In the very recent past AMD and Intel have been vocal about upcoming families of multiple core CPU’s which will take processors into an area that we have never seen before. With Intel’s current Q6600 quad-core and AMD’s soon to be released Phenom native quad-core processors on the horizon, eight and sixteen cored processors will no doubt follow as the process is perfected and applications demand it.
It is a well known fact that water-cooling is really beginning to become a viable mainstream alternative to traditional air-cooling measures. No longer is water-cooling purely the domain of the hardcore overclockers, but ever increasingly it is beginning to make its way into more and more people’s homes.
With the advent of quad-core processors and the successful saturation of the market with dual-core processors as well, a need has arisen for cooling methods to tame these multi-cored beasts. So how do we look towards cooling these processors more efficiently...With water-cooling of course!
has provided water-cooling hardware for the performance enthusiast for some time now, and they even have their own 'Flow'
range of gear available. Today we have been fortunate enough to have been given some samples of Aqua-Pcs Flow Performance CPU block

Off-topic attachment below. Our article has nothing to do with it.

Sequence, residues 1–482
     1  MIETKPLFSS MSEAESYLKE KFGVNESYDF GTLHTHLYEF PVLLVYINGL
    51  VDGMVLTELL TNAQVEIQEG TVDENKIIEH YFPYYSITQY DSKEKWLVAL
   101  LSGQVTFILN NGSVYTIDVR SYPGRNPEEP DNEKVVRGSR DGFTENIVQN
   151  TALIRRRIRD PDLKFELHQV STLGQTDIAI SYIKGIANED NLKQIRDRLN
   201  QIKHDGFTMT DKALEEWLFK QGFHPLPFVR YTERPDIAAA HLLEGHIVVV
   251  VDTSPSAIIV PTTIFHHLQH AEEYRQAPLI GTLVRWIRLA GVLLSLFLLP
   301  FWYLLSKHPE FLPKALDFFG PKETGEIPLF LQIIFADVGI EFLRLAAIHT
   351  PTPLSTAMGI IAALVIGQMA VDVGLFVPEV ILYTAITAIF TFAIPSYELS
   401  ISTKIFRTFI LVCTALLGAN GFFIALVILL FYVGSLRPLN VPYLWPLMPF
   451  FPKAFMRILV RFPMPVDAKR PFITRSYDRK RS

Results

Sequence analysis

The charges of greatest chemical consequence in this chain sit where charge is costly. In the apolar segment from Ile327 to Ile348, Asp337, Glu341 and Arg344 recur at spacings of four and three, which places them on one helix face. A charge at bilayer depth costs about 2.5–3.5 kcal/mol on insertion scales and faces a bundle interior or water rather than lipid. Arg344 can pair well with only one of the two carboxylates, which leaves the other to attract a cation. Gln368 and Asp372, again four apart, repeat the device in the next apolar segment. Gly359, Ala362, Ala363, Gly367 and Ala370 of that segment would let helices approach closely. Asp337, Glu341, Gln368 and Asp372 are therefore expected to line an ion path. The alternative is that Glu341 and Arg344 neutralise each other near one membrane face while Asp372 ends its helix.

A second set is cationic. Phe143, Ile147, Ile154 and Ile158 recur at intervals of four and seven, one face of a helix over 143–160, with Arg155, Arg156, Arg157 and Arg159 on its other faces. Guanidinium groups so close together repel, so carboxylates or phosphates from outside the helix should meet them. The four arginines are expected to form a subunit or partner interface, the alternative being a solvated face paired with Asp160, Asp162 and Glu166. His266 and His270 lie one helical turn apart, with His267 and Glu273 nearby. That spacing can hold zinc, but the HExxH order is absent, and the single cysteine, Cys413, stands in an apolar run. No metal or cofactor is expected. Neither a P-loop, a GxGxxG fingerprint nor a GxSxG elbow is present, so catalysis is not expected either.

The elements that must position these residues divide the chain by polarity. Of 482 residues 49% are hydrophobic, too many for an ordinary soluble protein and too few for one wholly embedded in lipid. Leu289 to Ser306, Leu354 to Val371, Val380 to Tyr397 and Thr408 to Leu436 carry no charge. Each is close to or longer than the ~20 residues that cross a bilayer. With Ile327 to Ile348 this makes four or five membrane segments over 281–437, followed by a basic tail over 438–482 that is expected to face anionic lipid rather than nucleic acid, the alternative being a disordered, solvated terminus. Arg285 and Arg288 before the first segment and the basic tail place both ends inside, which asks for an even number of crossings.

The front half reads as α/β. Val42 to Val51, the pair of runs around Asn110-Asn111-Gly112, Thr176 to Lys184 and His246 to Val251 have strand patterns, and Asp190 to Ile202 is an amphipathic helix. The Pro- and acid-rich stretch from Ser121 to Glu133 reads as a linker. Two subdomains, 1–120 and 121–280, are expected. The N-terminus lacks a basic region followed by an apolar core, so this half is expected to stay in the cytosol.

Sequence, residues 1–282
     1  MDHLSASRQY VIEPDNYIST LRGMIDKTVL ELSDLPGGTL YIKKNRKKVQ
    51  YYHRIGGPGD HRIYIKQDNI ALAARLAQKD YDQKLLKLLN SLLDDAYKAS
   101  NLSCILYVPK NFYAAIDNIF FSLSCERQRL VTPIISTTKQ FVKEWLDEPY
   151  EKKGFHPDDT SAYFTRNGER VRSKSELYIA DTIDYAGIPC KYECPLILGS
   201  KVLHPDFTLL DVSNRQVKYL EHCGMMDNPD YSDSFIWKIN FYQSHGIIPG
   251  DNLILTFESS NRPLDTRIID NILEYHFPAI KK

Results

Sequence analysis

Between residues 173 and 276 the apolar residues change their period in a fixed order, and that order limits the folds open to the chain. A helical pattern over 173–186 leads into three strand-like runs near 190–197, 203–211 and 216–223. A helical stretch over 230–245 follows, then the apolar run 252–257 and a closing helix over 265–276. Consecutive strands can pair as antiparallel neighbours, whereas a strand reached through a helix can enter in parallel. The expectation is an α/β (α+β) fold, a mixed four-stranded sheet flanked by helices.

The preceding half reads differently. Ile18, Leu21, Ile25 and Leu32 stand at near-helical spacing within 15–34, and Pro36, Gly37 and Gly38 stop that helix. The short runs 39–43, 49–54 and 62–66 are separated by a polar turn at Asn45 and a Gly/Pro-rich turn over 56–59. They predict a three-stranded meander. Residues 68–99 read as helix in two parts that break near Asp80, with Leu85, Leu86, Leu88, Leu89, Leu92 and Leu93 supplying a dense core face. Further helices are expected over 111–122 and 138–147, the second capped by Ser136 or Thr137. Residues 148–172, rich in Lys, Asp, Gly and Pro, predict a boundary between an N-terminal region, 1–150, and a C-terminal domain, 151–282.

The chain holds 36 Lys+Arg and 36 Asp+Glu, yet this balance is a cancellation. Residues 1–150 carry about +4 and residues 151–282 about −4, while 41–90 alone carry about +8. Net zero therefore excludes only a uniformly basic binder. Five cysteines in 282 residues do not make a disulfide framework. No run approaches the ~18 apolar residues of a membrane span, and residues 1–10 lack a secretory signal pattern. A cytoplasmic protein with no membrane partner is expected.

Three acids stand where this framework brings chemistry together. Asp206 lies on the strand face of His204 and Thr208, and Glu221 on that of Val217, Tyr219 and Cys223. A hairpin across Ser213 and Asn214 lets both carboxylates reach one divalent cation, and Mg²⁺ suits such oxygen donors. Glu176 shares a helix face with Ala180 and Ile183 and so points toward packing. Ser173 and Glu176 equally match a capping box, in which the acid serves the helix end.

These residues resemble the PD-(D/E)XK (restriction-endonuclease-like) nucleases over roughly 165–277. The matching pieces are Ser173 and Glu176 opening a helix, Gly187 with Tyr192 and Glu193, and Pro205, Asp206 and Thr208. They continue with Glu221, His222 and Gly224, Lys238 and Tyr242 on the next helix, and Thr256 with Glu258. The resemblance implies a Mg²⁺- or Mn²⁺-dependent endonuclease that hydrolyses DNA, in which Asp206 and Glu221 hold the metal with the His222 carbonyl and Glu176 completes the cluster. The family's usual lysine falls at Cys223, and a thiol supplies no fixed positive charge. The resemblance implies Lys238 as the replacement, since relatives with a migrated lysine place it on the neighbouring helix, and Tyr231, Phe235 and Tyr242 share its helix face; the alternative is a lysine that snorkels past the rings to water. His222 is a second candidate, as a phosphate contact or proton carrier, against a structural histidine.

. Pascal has sent me both the standard copper version and the Limited Edition silver plated block. If you are interested in the Silver LE version of the Flow Performance block at the conclusion of this review, then you had better hurry. According to Pascal, only 20 of them have been produced.
So without further delay let's have a look at the blocks in a little more detail.
Unfortunately there really aren't any specifications for the Flow Performance CPU Block on Aqua-Pcs website, but the block appears to be very similar internally to the now discontinued XSPC Xtreme
. So I'll try and give you the best information that I can...
- G1/4" Thread
- Copper Base
- Plastic Top
- Universal Mounting Plate
- Supports Sockets A/462, 478, 604/603 754/939/940, AM2 and LGA775
One interesting point worth mentioning here is that the XSPC Xtreme block was discontinued due to average cooling performance on dual-core, and more alarmingly, quad-core processors..Hence the addition of the XSPC X20 Delta.
Regardless, we'll be seeing how the Flow Performance CPU Block performs in just a few pages.